‘I am working with a boy who has attention difficulties in the classroom, and he talked to me for a good half an hour and showing me web pages of boats and saying he’s a skipper and what you have to wear, how you have to move etc… And I said to him, “you’ve got other people’s lives in your hands and it’s very important.” And I use that in talking to other people, teachers – who tend to talk very negatively about him – and explain a bit more about who he is and what he does. And they are really surprised, but it changes their perspective on him.’
(teaching support worker, Orkney Islands Council – full report available at www.celcis.org.uk)
Since the very first social pedagogy pilot project, run by NCERCC in 2007, an increasing number of UK organisations have embraced social pedagogy and developed the ways in which they work with children and adults. Their stories and narratives offer some insights into how they have developed social pedagogy and what exactly they have done to enable the children in their care to experience a happier childhood or support the adults they work alongside to thrive. Below are some examples:
Social Pedagogy case studies of working with children:
Alex Jones from St Christopher’s Fellowship shows in this practice paper for the International Journal of Social Pedagogy how social pedagogy can help sharpen the focus on learning in the everyday and how this can enable stronger relationships. Click here to read Alex’s thought-provoking paper.
As one of our participants on a 9-day social pedagogy course we ran for SIRCC, Michael Greig from Edinburgh City Council has been actively developing social pedagogy within his practice. He’s kindly written an insightful case study that shows how social pedagogical concepts can be applied in the interaction with children and young people. You can read his essay here.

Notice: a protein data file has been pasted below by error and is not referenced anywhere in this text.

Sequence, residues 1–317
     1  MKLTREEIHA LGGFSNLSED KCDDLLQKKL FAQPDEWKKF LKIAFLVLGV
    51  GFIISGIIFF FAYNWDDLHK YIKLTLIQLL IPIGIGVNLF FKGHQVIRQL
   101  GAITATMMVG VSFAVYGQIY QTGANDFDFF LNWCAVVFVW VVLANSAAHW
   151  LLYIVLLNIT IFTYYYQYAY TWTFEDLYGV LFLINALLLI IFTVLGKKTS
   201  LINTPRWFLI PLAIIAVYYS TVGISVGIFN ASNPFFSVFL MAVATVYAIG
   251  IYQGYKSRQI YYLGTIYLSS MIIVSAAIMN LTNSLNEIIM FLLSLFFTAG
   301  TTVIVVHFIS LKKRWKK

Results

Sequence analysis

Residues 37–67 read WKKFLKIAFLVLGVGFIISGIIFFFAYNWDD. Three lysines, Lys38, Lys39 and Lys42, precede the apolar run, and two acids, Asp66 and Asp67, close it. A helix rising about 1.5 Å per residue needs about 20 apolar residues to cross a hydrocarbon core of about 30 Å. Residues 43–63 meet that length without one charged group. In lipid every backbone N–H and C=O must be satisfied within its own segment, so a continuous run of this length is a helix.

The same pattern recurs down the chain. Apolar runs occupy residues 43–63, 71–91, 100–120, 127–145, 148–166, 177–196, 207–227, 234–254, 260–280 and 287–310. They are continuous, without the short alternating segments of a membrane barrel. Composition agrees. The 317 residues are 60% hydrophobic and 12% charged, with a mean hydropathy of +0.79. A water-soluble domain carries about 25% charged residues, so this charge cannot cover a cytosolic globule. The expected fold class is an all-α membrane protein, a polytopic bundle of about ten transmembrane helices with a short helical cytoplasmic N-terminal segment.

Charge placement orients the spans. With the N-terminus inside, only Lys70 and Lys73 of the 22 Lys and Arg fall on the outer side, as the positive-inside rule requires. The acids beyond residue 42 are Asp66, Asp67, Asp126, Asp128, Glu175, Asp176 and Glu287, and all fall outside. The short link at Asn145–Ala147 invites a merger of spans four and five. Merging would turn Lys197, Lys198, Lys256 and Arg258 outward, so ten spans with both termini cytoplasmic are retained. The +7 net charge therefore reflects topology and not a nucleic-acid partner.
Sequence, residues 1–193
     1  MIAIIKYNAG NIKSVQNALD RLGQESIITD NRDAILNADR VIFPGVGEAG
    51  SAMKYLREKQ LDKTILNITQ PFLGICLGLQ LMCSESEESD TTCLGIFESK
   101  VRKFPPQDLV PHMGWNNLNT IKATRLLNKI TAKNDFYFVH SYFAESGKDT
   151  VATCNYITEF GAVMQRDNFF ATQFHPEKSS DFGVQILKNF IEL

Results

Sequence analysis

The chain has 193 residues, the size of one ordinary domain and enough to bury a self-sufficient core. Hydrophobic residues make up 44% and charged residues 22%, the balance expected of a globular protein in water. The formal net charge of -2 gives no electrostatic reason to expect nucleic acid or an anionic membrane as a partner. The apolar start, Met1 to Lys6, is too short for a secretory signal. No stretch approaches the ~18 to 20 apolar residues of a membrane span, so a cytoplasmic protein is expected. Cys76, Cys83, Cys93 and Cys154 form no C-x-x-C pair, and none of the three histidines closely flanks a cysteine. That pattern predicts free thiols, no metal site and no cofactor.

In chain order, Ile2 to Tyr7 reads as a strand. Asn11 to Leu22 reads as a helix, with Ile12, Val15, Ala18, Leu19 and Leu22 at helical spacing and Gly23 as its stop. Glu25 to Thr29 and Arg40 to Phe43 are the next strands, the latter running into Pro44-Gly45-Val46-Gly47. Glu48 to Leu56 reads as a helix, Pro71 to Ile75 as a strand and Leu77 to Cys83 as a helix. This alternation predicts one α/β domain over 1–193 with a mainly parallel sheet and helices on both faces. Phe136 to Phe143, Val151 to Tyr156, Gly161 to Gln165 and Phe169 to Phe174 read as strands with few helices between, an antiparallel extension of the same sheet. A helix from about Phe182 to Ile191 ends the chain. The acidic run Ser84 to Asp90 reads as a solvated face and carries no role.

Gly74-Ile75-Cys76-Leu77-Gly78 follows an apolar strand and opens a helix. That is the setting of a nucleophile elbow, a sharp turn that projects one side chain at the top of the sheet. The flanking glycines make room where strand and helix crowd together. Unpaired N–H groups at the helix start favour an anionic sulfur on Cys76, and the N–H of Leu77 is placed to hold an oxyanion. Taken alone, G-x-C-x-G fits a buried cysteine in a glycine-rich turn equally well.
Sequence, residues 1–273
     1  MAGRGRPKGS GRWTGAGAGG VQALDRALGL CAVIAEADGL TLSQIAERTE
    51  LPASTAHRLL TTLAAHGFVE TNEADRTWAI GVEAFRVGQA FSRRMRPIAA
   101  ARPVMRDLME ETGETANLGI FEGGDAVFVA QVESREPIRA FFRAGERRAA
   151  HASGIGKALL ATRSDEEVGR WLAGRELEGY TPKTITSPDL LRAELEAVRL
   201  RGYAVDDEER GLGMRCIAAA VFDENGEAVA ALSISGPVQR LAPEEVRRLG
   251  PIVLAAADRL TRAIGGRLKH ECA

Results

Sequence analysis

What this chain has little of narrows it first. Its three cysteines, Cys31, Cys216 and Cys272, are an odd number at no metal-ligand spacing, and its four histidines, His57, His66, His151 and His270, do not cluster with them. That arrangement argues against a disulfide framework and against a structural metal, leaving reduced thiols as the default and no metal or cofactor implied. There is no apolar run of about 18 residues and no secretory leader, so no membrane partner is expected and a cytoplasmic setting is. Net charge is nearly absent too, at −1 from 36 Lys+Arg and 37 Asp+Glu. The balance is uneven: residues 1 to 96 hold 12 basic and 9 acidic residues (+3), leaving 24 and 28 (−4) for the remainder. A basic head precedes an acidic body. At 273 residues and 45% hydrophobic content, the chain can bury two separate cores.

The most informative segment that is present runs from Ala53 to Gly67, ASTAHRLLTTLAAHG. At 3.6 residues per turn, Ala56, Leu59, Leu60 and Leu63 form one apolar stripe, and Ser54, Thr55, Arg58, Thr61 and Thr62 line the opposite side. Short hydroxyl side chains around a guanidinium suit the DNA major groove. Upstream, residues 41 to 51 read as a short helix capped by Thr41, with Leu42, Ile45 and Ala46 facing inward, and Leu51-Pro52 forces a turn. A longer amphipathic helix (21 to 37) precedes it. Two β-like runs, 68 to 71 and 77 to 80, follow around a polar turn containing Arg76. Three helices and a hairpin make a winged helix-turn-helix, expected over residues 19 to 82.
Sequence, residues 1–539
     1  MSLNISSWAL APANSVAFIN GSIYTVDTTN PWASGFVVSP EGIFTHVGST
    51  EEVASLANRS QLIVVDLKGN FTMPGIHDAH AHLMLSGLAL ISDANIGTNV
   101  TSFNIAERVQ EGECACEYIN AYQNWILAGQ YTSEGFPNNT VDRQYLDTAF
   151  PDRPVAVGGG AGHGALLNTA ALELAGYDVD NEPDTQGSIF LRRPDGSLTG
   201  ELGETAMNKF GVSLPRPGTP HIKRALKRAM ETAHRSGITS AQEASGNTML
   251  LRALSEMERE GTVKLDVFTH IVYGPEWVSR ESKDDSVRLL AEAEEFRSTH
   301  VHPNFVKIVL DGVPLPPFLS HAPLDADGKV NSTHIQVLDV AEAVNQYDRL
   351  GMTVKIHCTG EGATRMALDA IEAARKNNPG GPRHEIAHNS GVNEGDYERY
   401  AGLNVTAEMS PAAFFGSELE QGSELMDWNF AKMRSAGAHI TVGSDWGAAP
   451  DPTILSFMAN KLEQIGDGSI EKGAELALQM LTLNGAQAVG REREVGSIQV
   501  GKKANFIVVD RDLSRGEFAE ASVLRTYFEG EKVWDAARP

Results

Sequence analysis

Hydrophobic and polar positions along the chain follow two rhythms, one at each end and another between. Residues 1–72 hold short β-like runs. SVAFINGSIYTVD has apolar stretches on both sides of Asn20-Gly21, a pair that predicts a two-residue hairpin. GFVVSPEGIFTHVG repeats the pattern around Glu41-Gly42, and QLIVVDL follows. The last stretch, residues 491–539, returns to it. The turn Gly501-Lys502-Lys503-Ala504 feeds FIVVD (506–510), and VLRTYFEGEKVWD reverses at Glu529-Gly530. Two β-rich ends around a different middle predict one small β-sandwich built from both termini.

This short paper comes from a presentation by Viki Bird, a residential worker from Essex. She describes how social pedagogy has benefitted the young people in their care by creating a culture that focusses more on relationships, helps them develop a sense of identity and challenges negative stereotypes about young people in care. You can read Viki’s inspiring paper here.
And this summary offers an insight into how social pedagogy can enhance foster care. Dave Kingswood shares some of his learning from the Head Heart Hands demonstration programme back in 2014-2016. You can find out more about Dave’s reflections here.
Matthew McFadzean from Care Visions and one of the participants in our Leonardo Mobility project has written a short article on how he has used nonviolent communication with a girl in his children’s home. It’s a truly inspiring read, and Matthew has kindly made it available here.
Claire Parker from Derbyshire has shared how their creative mentoring work with young people in care is making a difference and how social pedagogy underpins their brilliant work. You can read Claire’s excellent paper here.
Bianka Lang from Essex has been at the forefront of developing social pedagogy in children’s social work. In this article, she outlines how it can help find new ways at uncertain times. You can read Bianka’s paper here.
In 2012, we organised for a group of residential care workers from Care Visions and Lancashire to work alongside pedagogues in Danish nurseries and children’s homes. Here are some of the learning experiences that had a particular effect on participants. These show what is important to social pedagogy. The full reports from all participants are available here.